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Palestinian teachers end month-long strike following assurances by Abbas

Palestinian school children demonstrating in Ramallah, 2011.
Palestinian leader pledges 10 percent pay rise, implementation of 2013 work agreement.

Palestinian school teachers on Saturday agreed to end a month-long strike following a pledge by President Mahmoud Abbas to improve working conditions, despite only part of their demands having been met.

More than 25,000 teachers in the West Bank have been on strike over pay and benefits since Feb. 10, causing chaos for schools, pupils and parents, and prompting the Palestinian Authority to deploy police on the streets of Ramallah.

"With pain squeezing our hearts, we can only thank President Mahmoud Abbas ... he came up with some new offers, even though they have not fulfilled all our needs and demands," the teachers' union said in a statement.

In a previously unscheduled television address, Abbas, flanked by Prime Minister Rami Hamdallah, promised a 10 percent pay raise, a management review and the implementation of a 2013 work agreement.

The average monthly salary for a teacher is $600. A school head with a master’s degree and 25 years of service can earn $700.

The PA has been pleading with teachers to return to class, warning that pupils otherwise risk a “lost year.”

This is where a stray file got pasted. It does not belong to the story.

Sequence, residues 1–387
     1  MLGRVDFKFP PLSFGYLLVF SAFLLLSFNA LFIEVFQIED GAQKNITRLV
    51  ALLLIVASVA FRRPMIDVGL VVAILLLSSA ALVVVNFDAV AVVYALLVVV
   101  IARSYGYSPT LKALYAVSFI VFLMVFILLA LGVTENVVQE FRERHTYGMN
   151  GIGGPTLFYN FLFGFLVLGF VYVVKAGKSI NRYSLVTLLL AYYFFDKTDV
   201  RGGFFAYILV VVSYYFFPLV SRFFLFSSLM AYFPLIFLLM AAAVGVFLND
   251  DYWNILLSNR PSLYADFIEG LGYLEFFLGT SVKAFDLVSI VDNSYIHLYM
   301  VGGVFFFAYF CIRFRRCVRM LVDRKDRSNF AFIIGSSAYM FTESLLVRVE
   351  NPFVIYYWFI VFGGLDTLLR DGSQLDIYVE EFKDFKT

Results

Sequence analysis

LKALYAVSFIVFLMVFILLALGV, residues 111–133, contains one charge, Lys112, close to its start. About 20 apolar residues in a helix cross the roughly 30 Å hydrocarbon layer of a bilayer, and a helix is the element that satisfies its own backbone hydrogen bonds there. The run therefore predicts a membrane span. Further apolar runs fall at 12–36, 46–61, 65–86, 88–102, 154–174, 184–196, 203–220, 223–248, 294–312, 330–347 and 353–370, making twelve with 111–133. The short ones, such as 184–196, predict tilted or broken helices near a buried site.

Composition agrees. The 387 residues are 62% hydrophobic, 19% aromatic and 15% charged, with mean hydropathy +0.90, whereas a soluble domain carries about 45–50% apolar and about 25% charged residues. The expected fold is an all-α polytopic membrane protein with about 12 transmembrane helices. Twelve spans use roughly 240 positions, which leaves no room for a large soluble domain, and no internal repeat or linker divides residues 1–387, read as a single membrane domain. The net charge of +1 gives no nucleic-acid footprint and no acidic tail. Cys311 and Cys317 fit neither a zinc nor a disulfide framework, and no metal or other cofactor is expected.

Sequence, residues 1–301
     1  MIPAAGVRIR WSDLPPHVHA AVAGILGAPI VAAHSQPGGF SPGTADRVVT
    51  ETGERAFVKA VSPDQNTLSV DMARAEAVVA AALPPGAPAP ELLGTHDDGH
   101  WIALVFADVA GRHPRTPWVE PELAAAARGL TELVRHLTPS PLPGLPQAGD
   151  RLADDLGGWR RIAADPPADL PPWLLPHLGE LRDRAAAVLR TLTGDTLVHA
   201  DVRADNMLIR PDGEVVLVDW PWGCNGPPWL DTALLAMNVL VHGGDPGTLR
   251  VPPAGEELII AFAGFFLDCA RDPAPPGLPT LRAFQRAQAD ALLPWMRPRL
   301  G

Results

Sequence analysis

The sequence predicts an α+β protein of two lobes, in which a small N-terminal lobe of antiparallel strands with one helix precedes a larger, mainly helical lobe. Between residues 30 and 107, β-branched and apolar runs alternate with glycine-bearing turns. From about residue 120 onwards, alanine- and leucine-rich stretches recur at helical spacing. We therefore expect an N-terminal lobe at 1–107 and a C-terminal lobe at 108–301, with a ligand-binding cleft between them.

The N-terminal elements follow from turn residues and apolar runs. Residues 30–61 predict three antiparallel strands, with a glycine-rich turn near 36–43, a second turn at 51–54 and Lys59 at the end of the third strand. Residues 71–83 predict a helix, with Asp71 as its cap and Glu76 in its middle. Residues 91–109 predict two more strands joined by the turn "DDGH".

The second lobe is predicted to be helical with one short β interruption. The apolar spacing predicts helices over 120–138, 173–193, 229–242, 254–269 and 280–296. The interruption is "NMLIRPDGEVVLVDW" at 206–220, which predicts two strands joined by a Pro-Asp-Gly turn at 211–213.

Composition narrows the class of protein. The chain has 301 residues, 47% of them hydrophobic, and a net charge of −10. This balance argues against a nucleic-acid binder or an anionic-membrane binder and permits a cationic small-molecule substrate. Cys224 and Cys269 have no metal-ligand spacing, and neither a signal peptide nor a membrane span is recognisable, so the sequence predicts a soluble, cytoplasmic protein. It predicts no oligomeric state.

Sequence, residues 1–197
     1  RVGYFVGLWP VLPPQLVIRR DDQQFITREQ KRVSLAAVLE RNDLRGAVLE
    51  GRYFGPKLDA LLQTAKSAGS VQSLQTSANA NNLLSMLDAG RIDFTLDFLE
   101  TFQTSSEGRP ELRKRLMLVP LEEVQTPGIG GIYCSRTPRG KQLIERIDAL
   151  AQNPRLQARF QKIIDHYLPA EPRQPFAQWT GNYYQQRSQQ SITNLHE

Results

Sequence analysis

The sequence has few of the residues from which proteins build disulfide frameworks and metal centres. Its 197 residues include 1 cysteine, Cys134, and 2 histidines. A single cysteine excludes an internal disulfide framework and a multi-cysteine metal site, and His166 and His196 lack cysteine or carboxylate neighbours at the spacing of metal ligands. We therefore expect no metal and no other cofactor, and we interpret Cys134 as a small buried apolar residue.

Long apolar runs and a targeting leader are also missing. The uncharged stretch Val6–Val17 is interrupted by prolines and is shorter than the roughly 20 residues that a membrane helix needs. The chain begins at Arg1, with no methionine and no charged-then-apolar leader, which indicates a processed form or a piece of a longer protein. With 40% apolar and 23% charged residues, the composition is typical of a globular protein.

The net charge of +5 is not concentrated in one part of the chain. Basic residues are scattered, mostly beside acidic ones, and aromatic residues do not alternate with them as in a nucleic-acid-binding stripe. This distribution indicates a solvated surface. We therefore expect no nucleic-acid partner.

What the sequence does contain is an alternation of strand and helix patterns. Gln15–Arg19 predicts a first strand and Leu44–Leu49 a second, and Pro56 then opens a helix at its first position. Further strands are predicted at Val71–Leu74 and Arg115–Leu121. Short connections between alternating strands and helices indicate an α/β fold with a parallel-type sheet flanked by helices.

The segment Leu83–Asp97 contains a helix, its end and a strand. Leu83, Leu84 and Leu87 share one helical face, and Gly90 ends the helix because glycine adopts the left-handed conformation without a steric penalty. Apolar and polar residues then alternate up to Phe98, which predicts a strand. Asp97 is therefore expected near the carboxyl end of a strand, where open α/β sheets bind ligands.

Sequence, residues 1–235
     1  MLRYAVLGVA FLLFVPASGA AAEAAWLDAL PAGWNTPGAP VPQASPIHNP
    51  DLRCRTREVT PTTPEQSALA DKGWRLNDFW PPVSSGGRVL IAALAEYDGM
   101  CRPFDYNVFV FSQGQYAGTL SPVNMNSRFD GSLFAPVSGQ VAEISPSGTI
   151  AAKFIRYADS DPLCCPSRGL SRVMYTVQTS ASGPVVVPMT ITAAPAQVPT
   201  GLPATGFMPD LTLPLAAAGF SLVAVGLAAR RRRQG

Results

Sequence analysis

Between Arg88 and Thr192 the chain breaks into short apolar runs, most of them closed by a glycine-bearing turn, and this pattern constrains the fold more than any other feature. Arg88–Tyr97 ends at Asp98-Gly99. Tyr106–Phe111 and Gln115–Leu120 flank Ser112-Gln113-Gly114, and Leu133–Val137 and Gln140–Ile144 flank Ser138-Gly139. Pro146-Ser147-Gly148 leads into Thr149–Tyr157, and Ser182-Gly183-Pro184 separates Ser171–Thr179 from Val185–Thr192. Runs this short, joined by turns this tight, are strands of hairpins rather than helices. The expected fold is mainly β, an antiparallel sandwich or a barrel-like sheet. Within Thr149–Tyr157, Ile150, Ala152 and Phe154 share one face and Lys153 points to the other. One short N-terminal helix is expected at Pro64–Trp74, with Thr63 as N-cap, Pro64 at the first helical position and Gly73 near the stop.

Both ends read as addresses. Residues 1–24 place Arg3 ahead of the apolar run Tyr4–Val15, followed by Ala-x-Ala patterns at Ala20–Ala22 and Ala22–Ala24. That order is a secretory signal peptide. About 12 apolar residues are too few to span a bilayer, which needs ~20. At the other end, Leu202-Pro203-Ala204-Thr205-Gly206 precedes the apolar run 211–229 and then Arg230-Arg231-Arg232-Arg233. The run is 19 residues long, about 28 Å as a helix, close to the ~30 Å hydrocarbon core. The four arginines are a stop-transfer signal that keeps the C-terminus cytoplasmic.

Most of the promises given by Abbas on Saturday are only to take effect from September 2017 but he asked them to go back to work this Sunday, the first day of the Palestinian working week.

The PA, which spends nearly half of its budget on wages for its 180,000 civil servants, has been in chronic economic crisis for years.

The monthly wage bill of nearly $150 million is 16% of gross domestic product, one of the highest in the world.

The PA was supposed to have been an interim body and be replaced in 1999 by a sovereign state of Palestine but a peace treaty with Israel has proved elusive and foreign aid to the administration has halved over the past five years.

Of the 45,000 teachers in Palestinian schools, nearly 36,000 are in the West Bank.

In the Hamas-ruled Gaza Strip, where close to 75% of residents are refugees, the United Nations runs most schools.

(staff with AFP)


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